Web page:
Coworking is a business services provision model that involves individuals working independently or collaboratively in shared office space.
The typical user of a coworking facility is self-employed, a telecommuter, or a freelance worker. Some businesses use the spaces to provide employees with equipment, space and services that they could not otherwise afford. Larger enterprises sometimes use coworking facilities to provide office space when they have more than the normal number of employees working at any given time. In this case, the business may maintain a certain number of memberships to the coworking service.
The owner of the space provides a work environment and, usually, office equipment and amenities found in a typical office. Typical features of coworking facilities include:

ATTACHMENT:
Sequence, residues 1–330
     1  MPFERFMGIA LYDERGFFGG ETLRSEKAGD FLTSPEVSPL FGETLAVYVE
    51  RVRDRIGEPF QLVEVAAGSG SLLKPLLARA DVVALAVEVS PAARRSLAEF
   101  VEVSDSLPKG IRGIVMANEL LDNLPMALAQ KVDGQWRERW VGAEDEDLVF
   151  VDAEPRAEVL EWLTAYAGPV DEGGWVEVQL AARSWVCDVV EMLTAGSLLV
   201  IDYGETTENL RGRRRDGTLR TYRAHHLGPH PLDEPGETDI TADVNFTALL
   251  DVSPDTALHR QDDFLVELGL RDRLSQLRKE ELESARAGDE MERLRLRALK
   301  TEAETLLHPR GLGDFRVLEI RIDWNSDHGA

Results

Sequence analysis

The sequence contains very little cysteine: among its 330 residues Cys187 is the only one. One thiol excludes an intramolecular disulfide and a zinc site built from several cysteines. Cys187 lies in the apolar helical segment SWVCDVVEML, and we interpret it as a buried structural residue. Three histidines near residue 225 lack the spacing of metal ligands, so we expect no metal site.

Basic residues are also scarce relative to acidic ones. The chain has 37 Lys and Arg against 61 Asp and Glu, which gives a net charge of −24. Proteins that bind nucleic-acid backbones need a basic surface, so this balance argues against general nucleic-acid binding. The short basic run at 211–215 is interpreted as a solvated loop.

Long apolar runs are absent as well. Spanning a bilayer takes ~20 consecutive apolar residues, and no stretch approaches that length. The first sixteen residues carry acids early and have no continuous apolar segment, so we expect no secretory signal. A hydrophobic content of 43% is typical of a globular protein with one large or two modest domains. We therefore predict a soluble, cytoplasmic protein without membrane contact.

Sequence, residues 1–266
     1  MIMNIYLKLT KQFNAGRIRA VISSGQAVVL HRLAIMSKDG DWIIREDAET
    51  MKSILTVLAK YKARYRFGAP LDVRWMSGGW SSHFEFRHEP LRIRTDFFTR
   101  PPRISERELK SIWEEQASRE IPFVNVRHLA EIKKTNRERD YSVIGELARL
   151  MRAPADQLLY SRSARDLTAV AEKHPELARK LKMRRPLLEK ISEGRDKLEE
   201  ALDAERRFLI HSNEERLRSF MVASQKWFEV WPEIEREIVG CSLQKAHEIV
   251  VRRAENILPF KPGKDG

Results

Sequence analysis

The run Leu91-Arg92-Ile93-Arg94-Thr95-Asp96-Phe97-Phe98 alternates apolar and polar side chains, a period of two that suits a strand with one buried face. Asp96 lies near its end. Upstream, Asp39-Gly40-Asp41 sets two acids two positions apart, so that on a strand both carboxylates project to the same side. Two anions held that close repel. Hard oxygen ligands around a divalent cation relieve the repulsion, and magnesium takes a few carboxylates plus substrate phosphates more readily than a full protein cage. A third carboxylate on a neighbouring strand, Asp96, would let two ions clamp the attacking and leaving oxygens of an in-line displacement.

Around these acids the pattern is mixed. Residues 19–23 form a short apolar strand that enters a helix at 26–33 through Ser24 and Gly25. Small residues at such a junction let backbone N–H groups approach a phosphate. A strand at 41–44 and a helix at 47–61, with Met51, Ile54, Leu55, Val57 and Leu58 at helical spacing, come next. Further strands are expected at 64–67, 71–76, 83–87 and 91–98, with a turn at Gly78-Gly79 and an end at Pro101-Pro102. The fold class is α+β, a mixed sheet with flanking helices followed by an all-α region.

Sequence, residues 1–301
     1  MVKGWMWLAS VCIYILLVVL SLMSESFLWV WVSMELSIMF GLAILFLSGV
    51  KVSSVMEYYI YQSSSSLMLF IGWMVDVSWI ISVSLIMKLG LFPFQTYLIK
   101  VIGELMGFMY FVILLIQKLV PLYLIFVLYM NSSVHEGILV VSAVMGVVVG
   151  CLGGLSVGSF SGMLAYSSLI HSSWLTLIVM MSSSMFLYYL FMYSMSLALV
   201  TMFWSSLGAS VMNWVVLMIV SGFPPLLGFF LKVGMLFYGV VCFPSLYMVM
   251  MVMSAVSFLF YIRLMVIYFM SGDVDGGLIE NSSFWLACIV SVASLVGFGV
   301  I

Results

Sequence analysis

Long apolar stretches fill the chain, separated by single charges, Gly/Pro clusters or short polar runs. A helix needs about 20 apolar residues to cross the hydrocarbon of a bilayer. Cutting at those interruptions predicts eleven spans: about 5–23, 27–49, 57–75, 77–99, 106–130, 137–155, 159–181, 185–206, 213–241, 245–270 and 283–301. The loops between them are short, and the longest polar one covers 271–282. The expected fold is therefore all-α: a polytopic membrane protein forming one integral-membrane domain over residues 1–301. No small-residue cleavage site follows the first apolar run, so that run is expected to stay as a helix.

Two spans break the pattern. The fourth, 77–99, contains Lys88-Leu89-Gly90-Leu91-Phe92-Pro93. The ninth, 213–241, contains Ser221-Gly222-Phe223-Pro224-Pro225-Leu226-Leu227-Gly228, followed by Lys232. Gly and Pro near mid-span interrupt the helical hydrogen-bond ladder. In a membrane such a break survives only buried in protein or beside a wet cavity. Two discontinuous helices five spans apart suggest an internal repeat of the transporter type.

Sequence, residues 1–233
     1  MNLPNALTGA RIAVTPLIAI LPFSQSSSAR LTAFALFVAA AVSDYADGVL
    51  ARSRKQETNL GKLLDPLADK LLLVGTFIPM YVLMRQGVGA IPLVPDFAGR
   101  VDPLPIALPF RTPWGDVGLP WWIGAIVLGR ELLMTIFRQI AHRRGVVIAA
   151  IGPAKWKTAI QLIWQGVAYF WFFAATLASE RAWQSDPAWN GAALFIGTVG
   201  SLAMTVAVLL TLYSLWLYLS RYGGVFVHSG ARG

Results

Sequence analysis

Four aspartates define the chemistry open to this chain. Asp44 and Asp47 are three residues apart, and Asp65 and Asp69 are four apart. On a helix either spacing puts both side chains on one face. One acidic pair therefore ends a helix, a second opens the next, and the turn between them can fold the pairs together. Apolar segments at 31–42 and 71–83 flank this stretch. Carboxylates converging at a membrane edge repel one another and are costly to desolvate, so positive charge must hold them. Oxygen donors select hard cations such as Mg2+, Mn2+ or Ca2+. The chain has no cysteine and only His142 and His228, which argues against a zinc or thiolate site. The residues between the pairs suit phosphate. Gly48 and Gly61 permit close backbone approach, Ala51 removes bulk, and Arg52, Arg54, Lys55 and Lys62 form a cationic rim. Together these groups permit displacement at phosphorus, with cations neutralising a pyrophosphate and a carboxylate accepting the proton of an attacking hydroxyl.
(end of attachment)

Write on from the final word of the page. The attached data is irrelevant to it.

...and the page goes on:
- Shared work spaces.
- 24/7 access.
- Reservable/rentable conference and/or board rooms.
- Communal printer/copier/fax.
- Private branch exchange (PBX) systems.
- Shared kitchens, bathrooms and lounges.
Coworking facilities follow various business models. Some facilities, for example, are cooperatively managed spaces run as non-profit organizations. Such organizations may charge members just enough to support operations. Other models include flat-rate memberships and fee structures based on access for a single visit or a certain number of days per week, month or year. Often, a coworking facility will offer a number of options to suit individual needs. Some organizations have multiple locations that members can access. Others provide “coworking visas” that provide free access to partnered facilities in different locations.
Bernie DeKoven first used the term coworking in this sense (rather than to describe people working together in any environment) in 1995. The first designated coworking space opened San Francisco in 2005. According to the Coworking Wiki website, there are currently over 400 registered coworking spaces in operation on six continents.
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